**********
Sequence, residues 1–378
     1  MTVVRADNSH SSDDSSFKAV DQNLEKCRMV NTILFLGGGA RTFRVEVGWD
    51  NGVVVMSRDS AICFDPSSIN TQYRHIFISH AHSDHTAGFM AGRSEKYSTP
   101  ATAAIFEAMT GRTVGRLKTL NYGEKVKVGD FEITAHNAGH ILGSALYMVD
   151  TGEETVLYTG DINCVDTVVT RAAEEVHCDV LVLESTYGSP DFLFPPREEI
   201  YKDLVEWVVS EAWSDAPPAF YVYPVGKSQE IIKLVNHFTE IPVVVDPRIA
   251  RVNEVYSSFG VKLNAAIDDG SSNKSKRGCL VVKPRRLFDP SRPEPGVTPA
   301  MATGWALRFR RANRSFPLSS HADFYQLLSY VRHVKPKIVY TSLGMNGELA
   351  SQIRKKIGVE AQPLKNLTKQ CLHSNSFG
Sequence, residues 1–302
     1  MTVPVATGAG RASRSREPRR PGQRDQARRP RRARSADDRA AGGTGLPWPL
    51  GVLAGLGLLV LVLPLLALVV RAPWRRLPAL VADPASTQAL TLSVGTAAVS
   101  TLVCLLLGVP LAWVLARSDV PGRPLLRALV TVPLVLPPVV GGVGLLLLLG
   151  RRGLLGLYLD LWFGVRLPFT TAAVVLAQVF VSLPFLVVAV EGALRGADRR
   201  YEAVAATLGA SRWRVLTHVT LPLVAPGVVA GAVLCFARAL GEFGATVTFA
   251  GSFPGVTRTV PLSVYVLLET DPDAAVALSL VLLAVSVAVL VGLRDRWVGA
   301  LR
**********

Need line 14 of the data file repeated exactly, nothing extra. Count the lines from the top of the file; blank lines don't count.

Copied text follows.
   151  RRGLLGLYLD LWFGVRLPFT TAAVVLAQVF VSLPFLVVAV EGALRGADRR